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Thread: Improving Target Acquisition Speed

  1. #1

    Improving Target Acquisition Speed

    I just competed in my first big sanctioned IDPA match. In a lot of areas I feel I was competitive with the higher level shooters, but the big low hanging fruit holding me back is target acquisition time. What I mean by this is: when I'm coming around a barricade/cover/simulated building/wall it takes me a second to visually find and orient my gun to the target, plus an additional half-second when I need to sort out targets from no-shoots.

    What are some drills I can use to improve this weakness? Just shooting partials on a square range doesn't seem to cover it since I know where the targets are before I draw my gun and don't have to deal with changing up the angle of my body to aim and fire. I mostly shoot on private land so I do have the ability to move around at different angles, but can't generally post the targets themselves at radically different angles.

    I know one answer would be to improve my stage planning skills so I have it rehearsed in my mind exactly what angles I will be pointed at when I come out of the cover/barricade/etc, but I'm hoping there will be some other a way I can improve this since IDPA discourages walk-throughs.

    Thanks!

  2. #2
    You still end up walking through somewhat before the shooting, and during taping. That helps.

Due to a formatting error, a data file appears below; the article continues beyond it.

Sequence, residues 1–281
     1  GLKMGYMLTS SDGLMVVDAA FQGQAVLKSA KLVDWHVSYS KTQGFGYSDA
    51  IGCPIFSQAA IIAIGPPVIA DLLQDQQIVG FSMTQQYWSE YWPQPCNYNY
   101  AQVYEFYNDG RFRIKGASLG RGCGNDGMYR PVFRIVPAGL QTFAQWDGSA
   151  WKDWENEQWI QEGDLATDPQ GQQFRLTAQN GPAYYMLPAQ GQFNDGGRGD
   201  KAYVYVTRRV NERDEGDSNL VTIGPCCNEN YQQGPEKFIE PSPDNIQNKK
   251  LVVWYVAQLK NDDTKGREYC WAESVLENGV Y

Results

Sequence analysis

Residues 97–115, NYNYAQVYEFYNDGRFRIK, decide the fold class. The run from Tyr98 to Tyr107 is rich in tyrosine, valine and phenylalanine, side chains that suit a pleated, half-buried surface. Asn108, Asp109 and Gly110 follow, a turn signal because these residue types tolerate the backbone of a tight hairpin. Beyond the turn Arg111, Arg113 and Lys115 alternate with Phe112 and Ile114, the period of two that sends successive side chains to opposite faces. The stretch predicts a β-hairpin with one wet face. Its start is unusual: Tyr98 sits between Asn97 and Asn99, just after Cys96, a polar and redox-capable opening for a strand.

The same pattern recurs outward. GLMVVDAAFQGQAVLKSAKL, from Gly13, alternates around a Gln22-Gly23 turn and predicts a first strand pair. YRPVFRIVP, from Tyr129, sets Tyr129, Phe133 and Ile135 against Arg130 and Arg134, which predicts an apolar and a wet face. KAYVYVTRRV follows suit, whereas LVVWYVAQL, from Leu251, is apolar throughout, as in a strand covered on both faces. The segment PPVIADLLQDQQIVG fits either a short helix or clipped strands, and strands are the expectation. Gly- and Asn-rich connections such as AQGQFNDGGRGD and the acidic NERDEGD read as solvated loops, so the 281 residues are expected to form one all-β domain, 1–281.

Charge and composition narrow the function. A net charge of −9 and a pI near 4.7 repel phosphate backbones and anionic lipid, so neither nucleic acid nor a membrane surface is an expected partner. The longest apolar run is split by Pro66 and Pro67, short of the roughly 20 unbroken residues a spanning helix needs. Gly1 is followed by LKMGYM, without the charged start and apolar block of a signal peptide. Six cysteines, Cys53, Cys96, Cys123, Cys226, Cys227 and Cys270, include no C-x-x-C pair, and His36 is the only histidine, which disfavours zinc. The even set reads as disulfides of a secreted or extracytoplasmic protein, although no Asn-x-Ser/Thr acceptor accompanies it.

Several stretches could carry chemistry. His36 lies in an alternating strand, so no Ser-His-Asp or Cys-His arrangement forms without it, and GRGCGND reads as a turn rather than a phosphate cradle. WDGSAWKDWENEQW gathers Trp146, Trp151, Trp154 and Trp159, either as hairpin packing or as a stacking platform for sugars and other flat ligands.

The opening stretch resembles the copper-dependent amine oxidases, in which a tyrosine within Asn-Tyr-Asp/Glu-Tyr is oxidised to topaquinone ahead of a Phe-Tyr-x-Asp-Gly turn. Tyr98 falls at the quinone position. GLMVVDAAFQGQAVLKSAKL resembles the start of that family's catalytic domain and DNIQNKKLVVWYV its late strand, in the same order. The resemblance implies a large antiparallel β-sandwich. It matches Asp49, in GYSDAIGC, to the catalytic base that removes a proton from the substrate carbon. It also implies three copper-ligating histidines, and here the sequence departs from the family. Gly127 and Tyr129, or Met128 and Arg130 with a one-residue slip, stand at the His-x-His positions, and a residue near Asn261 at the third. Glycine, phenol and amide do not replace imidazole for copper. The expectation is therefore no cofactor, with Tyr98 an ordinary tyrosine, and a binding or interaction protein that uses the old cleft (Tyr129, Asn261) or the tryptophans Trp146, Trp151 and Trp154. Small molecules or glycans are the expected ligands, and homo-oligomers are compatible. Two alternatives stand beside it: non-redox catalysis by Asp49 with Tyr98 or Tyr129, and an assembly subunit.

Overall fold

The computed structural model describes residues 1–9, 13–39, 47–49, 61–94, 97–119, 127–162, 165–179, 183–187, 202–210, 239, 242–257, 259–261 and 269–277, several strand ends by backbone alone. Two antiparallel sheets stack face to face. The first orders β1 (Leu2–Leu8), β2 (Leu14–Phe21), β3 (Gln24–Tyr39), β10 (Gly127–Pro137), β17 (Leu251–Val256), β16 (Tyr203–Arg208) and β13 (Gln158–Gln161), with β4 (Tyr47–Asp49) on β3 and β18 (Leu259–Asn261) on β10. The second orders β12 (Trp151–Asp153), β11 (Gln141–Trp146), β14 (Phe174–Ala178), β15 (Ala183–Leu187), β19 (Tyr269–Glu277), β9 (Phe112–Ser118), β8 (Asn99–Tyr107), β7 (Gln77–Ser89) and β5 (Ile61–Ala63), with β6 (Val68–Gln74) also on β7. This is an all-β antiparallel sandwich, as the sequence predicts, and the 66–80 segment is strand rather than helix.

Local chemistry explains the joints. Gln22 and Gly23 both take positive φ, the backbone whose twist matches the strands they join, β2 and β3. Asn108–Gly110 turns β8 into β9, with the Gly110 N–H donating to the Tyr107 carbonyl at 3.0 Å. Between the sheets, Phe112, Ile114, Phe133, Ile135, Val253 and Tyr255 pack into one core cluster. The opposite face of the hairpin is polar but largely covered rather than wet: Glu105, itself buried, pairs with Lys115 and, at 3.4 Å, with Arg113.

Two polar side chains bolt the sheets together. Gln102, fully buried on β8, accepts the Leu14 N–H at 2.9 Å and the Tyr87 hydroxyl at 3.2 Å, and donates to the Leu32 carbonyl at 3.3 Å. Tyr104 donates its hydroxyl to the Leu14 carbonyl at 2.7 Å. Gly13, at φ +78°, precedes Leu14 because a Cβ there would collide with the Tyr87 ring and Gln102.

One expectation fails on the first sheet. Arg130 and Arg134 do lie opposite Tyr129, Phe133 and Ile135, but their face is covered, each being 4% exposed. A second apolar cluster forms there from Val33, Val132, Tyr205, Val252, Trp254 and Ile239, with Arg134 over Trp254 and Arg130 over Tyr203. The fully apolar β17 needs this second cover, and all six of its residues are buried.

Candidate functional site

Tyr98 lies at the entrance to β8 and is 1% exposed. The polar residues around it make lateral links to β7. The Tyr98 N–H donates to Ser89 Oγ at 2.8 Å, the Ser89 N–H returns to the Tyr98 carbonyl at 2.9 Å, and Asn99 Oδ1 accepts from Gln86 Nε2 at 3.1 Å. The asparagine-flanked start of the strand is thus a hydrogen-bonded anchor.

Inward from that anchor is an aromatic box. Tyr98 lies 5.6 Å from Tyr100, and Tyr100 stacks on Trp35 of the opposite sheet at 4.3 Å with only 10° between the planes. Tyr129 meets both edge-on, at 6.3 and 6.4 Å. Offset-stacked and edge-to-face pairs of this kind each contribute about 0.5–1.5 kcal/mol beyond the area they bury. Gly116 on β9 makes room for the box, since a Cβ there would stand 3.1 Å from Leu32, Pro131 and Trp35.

I always wanted to have gun up and high, at my eyes level, when I was coming to a barricade. Basically, I wanted to start aiming at the expected target direction before clearing the barricade, as opposed to getting there, looking for a target, then lifting the pistol and starting to aim. Assuming multiple targets available, I want to be specific what target I want to enter on and what is the further shooting sequence. Stopping smoothly reduces gun bounce and allows to shoot earlier. That's all I can think of.

  3. #3
    Member
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    Walk through as many times as you can until you memorize what your doing. "Visualize" shooting it. Play it back "Like a Movie." This is what I learned from Steve Anderson

    In general the more you shoot or dry fire, the more you draw present, look for targets the faster your mind begins to process and orientate to that kind of information. 5 years ago I would look at a stage and it would seem like it would take forever to figure it out. Now it can take only a few minutes.

    I shoot the occasional outlaw 3 gun match that loves "blind stages" and even in the middle of the stage you can just kind of put it all togther.
    A71593

  4. #4
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    I'm not an expert by any means, but the most recent IDPA magazine, the Tactical Journal, discusses Stage Markers and Stop Markers. You're already familiar with the concept, but I believe these techniques are very useful for stage planning. Here's a link. http://www.idpa.com/tactical-journal

    Look for the 3rd quarter 2017 issue.

    If you don't want to scroll thru the whole journal, a nearly identical article is posted on this blog:

    http://blog.shooting-performance.com...age-breakdown/